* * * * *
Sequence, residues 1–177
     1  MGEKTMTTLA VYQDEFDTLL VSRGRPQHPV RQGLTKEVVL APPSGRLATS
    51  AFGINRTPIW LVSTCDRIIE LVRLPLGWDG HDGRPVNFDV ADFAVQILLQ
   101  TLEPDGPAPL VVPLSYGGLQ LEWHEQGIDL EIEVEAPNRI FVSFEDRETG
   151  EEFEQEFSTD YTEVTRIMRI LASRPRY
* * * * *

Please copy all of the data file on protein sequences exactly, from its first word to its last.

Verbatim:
Sequence, residues 1–177
     1  MGEKTMTTLA VYQDEFDTLL VSRGRPQHPV RQGLTKEVVL APPSGRLATS
    51  AFGINRTPIW LVSTCDRIIE LVRLPLGWDG HDGRPVNFDV ADFAVQILLQ
   101  TLEPDGPAPL VVPLSYGGLQ LEWHEQGIDL EIEVEAPNRI FVSFEDRETG
   151  EEFEQEFSTD YTEVTRIMRI LASRPRY